The first images were from the James Webb Space Telescope released in Julyour feeds are filled with insanely gorgeous photos of outer space – insanely so Detailed images of Jupiter for the most distant known star.
Now, Webb has done it again, this time capturing a nearly perfect Einstein ring — about 12 billion light years away. And we can’t stop looking.
You can see a colorful image shared by a graduate student in astronomy Spaceguy44 on Redditbelow.
Spaceguy 44 explains on RedditAn Einstein ring is formed when a distant galaxy is magnified and twisted into a nearly perfect ring by a giant galaxy in front of it.
The galaxy in question is called SPT-S J041839-4751.8, and it’s gorgeous. 12 billion light years away.
A further view of it, also rendered by Spaceguy44:
According to Spaceguy44, if it weren’t for the Einstein ring, we wouldn’t be able to see this galaxy at all.
The presence of the Einstein rings, in addition to looking beautiful, allows us to study galaxies that are almost impossible to see.
This process is known as gravitational lensing, and it’s an effect predicted by Einstein – hence the name.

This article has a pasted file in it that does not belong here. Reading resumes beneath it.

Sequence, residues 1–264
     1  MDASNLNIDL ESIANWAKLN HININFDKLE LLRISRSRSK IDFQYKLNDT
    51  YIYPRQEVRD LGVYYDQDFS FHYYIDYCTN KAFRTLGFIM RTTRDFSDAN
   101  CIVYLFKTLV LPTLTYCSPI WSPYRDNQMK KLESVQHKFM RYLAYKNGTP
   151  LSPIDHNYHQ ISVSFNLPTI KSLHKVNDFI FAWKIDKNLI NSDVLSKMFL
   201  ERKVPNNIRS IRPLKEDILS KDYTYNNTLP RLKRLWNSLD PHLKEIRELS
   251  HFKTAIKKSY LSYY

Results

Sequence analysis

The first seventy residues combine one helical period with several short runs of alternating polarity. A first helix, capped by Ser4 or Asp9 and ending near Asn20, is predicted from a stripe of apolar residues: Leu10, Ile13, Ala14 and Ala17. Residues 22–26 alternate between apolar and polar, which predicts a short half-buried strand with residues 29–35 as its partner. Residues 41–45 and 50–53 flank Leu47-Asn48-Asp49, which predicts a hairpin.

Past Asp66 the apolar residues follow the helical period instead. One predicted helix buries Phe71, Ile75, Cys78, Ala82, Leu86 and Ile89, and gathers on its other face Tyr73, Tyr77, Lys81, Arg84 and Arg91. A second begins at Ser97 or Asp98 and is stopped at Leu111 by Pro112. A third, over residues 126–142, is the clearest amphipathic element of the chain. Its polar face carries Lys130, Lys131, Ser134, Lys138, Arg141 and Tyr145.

The effect only occurs when the distant galaxy, the closer growing galaxy, and the observer (in this case the Webb Space Telescope) are aligned.
If you want to try it out for yourself, Spaceguy44 he says the stem and base of the wine glass create a similar effect. Try doing this with a page of a book and see the word magnified.
While it’s rare to come across Einstein’s rings, it’s not unheard of. Hubble previously caught Pictures of the magnificent Einstein rings.
This isn’t even the first time Webb has captured the Einstein ring of SPT-S J041839-4751.8.
The space telescope’s Near Infrared Camera (NIRCam) imaged the same region in August and Spaceguy44 painted and then released.
But the image below was not so clear.
In the latest image, the data was captured by Webb Mid-Infrared Instrument (MIRI) camera, and downloaded from the site MAST portal.
The image uses three different filters. The red is an F1000W filter that captures wavelengths of light at 10µm. Green is the F770W filter for the 7.7µm wavelength. Blue is the F560W filter picking up 5.6µm wavelengths.
The images were then aligned and colored using Spaceguy44 astropiaand post-processing was done in GIMP.
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